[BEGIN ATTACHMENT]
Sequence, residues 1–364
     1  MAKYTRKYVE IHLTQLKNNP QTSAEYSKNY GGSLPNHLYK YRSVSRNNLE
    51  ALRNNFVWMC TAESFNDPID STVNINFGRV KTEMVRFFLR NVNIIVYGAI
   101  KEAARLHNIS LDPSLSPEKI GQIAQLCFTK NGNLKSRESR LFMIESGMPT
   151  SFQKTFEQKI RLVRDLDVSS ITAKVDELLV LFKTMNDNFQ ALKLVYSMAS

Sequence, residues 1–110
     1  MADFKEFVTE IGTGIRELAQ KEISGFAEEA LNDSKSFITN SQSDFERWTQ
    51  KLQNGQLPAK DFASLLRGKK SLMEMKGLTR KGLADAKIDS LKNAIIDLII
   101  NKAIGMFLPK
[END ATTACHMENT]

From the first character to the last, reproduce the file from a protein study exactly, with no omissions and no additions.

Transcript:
Sequence, residues 1–364
     1  MAKYTRKYVE IHLTQLKNNP QTSAEYSKNY GGSLPNHLYK YRSVSRNNLE
    51  ALRNNFVWMC TAESFNDPID STVNINFGRV KTEMVRFFLR NVNIIVYGAI
   101  KEAARLHNIS LDPSLSPEKI GQIAQLCFTK NGNLKSRESR LFMIESGMPT
   151  SFQKTFEQKI RLVRDLDVSS ITAKVDELLV LFKTMNDNFQ ALKLVYSMAS

Sequence, residues 1–110
     1  MADFKEFVTE IGTGIRELAQ KEISGFAEEA LNDSKSFITN SQSDFERWTQ
    51  KLQNGQLPAK DFASLLRGKK SLMEMKGLTR KGLADAKIDS LKNAIIDLII
   101  NKAIGMFLPK